10 classic biomimicry examples
In Wired's "Think Like a Tree" biomimicry video series, Biomimicry 3.8 co-founder Janine Benyus demonstrates what's possible when we look to nature for technologies, strategies, and design ideas. Through this set of awesome biomimicry examples, Janine talks us through how looking to nature can help us solve major global crises like drought and climate change.
Whether you're new to biomimicry or a long time follower, this video series offers a great synopsis of classic biomimicry examples to watch and share.
1 | How Namibian desert beetles can help us solve our drought problems
Namib desert beetles live in an area with little ground water, so how is it that they have no trouble finding H2O? Find out how the resourceful insects use their wing scales to absorb water droplets from fog, and how we can use them as a model for combating water shortages.
2 | How coral reefs can help us manage our little carbon problem (ahem)
Most people think of carbon dioxide as a poison, but in nature it’s a building block. Find out how we can imitate coral reef by using CO2 as a raw material for the creation of concrete.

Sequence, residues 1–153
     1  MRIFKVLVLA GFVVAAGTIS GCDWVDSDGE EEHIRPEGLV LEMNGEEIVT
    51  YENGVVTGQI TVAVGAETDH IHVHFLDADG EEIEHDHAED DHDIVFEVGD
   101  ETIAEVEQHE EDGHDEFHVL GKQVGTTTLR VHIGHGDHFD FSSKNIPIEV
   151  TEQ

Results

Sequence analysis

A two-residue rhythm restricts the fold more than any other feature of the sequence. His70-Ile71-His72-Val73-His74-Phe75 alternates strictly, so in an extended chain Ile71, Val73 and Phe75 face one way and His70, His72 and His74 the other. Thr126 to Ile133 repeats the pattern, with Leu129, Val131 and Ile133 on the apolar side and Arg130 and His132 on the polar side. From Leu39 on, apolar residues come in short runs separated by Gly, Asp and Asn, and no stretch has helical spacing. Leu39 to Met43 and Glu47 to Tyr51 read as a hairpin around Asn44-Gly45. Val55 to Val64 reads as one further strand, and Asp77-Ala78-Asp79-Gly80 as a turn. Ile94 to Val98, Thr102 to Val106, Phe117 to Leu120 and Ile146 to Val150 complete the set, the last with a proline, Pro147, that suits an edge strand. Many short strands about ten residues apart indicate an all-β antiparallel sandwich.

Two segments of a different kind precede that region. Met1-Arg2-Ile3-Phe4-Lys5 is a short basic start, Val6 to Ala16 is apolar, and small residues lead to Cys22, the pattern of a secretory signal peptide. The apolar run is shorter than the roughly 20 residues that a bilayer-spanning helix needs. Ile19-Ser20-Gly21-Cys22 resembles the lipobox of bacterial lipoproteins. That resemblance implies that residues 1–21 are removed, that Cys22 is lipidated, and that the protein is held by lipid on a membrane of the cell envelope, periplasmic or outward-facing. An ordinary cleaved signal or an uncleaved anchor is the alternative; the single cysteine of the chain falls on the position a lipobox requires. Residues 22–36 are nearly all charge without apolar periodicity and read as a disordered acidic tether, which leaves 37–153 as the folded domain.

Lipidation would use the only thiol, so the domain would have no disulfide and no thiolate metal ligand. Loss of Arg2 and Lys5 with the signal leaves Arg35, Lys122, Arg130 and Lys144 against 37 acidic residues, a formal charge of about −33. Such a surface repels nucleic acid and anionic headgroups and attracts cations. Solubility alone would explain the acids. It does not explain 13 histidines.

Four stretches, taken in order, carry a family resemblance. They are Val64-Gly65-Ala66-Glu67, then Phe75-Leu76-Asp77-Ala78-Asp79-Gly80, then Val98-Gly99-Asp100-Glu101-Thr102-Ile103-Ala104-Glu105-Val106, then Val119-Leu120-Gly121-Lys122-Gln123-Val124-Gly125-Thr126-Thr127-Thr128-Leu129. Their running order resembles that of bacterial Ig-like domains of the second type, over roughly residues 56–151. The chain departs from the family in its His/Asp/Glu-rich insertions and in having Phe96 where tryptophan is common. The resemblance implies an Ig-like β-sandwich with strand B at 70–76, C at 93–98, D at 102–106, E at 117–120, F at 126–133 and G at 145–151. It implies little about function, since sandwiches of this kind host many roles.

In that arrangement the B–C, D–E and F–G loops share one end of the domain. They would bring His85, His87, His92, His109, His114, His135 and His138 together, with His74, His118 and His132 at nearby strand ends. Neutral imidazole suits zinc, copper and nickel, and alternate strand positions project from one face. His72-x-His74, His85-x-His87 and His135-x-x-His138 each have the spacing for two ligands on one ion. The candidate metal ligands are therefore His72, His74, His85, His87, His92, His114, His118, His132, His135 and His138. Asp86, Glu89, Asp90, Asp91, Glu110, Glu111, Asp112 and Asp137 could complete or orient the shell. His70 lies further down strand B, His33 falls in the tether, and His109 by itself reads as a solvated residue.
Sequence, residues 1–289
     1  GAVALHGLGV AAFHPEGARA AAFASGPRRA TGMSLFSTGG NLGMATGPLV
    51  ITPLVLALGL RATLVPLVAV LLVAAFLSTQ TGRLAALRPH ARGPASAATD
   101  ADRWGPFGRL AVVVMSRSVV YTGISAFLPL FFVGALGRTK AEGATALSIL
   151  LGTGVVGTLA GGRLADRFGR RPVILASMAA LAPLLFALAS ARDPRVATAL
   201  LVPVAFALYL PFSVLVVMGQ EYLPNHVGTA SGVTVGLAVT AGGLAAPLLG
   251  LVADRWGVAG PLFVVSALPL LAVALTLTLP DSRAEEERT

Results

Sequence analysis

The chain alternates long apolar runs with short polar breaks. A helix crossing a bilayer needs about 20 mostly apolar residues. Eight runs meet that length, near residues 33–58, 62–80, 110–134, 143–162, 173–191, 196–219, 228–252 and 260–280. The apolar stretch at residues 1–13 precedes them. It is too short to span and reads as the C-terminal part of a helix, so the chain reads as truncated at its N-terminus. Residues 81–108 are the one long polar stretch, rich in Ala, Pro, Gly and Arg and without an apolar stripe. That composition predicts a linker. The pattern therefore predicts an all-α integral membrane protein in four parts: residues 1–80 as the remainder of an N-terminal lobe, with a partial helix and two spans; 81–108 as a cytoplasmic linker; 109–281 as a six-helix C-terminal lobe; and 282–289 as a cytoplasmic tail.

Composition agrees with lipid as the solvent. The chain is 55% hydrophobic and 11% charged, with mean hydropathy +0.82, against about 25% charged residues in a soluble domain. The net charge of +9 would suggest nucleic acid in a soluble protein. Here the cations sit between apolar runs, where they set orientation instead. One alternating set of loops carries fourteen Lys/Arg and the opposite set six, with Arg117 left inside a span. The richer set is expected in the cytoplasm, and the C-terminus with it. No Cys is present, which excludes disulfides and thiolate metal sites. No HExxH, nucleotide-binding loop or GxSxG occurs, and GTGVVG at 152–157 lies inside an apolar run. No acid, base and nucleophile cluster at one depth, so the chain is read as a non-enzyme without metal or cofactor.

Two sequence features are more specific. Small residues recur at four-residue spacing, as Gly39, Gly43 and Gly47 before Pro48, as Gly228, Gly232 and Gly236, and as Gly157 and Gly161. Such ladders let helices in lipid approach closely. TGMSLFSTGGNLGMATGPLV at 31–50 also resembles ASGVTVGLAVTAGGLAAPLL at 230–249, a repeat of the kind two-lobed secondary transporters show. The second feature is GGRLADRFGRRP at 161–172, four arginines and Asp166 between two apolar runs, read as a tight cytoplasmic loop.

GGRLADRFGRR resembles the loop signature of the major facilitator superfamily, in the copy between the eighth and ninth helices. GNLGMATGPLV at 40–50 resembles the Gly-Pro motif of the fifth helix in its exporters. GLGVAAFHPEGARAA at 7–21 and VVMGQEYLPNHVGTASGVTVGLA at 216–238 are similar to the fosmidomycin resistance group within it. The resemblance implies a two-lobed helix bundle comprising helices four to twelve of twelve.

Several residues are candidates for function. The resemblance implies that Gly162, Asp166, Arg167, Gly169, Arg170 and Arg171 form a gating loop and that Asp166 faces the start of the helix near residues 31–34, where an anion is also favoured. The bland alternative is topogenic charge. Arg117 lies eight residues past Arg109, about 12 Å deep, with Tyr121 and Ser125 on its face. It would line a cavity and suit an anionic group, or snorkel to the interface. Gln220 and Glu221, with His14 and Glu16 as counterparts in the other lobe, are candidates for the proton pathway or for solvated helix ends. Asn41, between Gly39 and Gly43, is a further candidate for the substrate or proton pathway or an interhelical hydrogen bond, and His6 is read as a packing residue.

3 | Mimicking shark skin to fight against bacteria
Scientists are looking to an unlikely source for new ways to fight bacteria. Could the skin of a Galapagos shark hold the key to warding off hospital-born bacteria and superbugs?
4 | Did you know the Eiffel Tower was inspired by a femur?
Find out how human bones inspired the Eiffel Tower through the design principle of structural hierarchy.
5 & 6 | How a dog inspired velcro and a bat inspired radar
Two in one! We're already living with biomimicry technologies - velcro and radar!
7 | How moth eyes inspired the camera lens
Find out how camera lenses take after moths by mimicking the way they absorb and hold in light.
8 | How mussels are helping us take toxins out of glue
Your new kitchen cabinets might contain a glue in them that was inspired by mussels. Explore the chemistry that mussels use when attaching to boats and find out how that science is being imitated to develop strong adhesives that don’t rely on toxic formaldehyde.
9 | The genius of humpback whales and their fins
One’s in the water and one’s in the air, but they share one thing in common: both are trying to reduce drag along their surfaces. Find out why scientists are studying humpback whales as they look to create more efficient wind turbines.
10 | What termites can teach architects about climate control
Sure, they’re pesky critters but termites can teach architects a thing or two when it comes smart architectural design. When creating giant mounds, the insects build channels within them to help with ventilation. See how architects are attempting to replicate that process to create better climate control systems in the built environment.
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